The low turnout for the elections held in 14 of Iraq's 18 provinces last Saturday underscored the enduring hostility of the Iraqi people toward the US occupation and their alienation from the political system that has been imposed on the country. According to initial estimates, just 51 percent of registered voters cast a ballot. Turnout in the December 2005 national election was 79.6 percent.
The Iraqi government of Prime Minister Nouri al-Maliki had predicted that between 70 and 80 percent would vote last Saturday. Instead, the turnout was even lower than the 58 percent participation in the national and provincial elections in January 2005. That poll was boycotted by hundreds of thousands of Iraqis, especially Sunnis, in protest over the US destruction of the city of Fallujah and the brutal suppression of the anti-occupation resistance.
Without even waiting to analyse the results, sections of the US media initially hailed the elections as proof that close to six years of US military operations had transformed Iraq into a stable democracy. The tone changed as it became obvious there was no enthusiasm among the Iraqi people.
The Los Angeles Times wrote on Monday that the turnout had failed "to meet expectations". A British-based academic on Iraqi politics, Toby Dodge, told Reuters: "The lower turnout I think would reflect cynicism but also world-weariness with the vote. You had that huge tide of expectation in 2005... and that crashed against the reality of a fairly incompetent ruling elite."
Even a legislator of Maliki's Da'wa Party, Ali al-Adeeb, commented to McClatchy Newspapers: "There was a mood of apathy before the elections. Many asked themselves—what is the good, why should we vote and for what?"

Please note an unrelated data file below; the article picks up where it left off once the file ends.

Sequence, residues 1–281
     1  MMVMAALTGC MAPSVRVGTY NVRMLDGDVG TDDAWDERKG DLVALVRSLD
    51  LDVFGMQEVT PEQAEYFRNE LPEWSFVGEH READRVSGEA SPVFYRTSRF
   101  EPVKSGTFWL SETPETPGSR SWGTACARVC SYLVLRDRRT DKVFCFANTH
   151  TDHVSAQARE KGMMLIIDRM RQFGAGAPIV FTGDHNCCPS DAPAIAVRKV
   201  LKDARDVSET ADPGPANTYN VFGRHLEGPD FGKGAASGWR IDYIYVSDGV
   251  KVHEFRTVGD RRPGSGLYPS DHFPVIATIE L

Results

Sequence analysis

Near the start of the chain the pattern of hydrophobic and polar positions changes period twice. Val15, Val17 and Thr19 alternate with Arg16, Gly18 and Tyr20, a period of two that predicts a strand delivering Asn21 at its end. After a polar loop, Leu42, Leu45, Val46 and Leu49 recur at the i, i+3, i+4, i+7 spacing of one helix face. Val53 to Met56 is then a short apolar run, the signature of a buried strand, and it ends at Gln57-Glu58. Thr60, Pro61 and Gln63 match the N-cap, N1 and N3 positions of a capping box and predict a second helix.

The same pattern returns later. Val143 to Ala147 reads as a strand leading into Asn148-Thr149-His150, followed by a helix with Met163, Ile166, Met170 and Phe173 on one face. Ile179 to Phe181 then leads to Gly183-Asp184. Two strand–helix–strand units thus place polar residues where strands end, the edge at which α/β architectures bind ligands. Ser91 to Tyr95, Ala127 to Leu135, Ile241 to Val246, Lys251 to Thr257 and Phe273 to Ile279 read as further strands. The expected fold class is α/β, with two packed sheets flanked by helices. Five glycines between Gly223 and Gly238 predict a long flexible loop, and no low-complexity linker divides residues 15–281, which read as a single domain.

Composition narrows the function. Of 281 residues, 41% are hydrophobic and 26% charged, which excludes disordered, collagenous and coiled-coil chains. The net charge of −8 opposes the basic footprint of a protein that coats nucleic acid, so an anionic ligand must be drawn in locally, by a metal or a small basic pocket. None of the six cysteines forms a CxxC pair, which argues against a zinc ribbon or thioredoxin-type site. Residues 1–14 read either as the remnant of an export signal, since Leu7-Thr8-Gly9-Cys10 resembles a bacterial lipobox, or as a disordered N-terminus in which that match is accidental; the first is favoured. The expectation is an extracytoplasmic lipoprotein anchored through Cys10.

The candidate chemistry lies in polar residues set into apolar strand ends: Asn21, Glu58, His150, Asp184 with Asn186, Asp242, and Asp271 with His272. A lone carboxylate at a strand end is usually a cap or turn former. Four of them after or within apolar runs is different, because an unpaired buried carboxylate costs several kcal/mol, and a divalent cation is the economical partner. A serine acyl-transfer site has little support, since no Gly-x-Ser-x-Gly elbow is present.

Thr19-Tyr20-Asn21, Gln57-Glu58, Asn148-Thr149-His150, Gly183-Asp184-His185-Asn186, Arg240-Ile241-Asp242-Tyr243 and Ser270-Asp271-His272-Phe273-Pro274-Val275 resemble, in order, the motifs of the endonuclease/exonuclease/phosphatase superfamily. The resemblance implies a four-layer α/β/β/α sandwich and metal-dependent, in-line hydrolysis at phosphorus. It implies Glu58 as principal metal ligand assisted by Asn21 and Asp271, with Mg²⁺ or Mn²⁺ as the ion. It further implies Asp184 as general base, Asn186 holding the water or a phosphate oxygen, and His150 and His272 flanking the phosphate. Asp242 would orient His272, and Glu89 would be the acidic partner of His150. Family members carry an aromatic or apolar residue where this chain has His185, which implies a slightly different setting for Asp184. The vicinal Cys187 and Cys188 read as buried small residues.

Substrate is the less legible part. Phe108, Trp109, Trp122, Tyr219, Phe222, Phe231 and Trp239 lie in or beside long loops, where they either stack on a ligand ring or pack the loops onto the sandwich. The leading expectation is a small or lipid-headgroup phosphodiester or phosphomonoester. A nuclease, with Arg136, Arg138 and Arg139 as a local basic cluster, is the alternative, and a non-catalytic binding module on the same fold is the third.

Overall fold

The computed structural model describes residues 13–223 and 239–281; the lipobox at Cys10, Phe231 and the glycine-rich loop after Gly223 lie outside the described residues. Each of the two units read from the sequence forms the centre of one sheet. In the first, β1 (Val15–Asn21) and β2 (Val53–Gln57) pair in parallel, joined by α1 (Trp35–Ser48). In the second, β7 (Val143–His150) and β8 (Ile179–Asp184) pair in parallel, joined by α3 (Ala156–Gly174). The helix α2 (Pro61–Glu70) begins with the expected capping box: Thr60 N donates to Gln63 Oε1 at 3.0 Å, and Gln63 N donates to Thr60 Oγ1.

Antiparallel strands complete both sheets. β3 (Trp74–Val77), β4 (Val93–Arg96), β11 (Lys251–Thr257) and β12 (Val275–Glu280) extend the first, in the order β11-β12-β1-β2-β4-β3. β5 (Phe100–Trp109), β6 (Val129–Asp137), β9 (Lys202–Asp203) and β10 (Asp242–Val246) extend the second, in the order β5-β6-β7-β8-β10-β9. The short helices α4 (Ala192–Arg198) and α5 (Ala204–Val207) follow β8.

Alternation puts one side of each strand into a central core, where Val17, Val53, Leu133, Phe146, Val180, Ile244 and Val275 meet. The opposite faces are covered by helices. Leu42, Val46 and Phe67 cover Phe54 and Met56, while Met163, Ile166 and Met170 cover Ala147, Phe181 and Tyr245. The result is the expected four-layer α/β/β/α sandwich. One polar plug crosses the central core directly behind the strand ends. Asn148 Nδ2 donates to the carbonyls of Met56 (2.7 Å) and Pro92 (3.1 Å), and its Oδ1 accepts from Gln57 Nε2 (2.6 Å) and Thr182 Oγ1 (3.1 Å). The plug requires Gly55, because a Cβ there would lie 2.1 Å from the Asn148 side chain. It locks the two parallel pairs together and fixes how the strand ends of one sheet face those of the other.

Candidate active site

The barely mentioned reality is that Iraq has been devastated and much of its population of 26 million reduced to utter misery. Over 1.2 million have been killed, a similar number are disabled with horrific injuries and some 4 million are refugees in neighbouring countries or classified as "internally displaced persons". A vast amount of personal property has been destroyed or damaged.
Even before the impact of the global recession, over 50 percent of the workforce was unemployed or underemployed. People in Iraq's cities cannot rely on the provision of basic services such as health care, electricity, trash collection, a functioning sewerage system and even clean water—services that are essential to civilised life.
Discontent and unrest is only restrained by exhaustion after years of death and destruction, and the repressive role of about 140,000 American troops and 500,000 soldiers, police and militiamen loyal to the various factions within the pro-US Iraqi government. Moreover, a political perspective is lacking as to how to end US domination. Millions of people are preoccupied with rebuilding their shattered lives and have no confidence in any of the 100 or so parties contesting the election.
Some of the lowest voter turnouts were recorded in the provinces where the Shiite movement led by cleric Moqtada al-Sadr once had a broad following among the working class due to its populist denunciations of the occupation and professed concern for the plight of the poor. Over the past three years, support for the Sadrists has been largely shattered by a combination of US and Iraqi government repression and the incorporation of most of its leadership into the US-established state. Moqtada al-Sadr eventually left the country some time in 2007 to undertake religious studies in Iran.
The Sadrists did not stand any candidates in the elections under their own banner. From his self-imposed exile, Sadr called on Iraqis to vote for the candidates of two independent Shiite lists. Instead, voters stayed away in large numbers.
In Basra and Maysan provinces, where Maliki ordered major military operations in early 2008 against Sadrist-influenced Shiite militiamen, the turnout was 48 and 46 percent respectively. In Baghdad, where one third of the population lives in the densely populated and poverty-stricken former Sadrist stronghold of Sadr City that was besieged by US troops last year, just 40 percent voted—half as many as in the December 2005 election.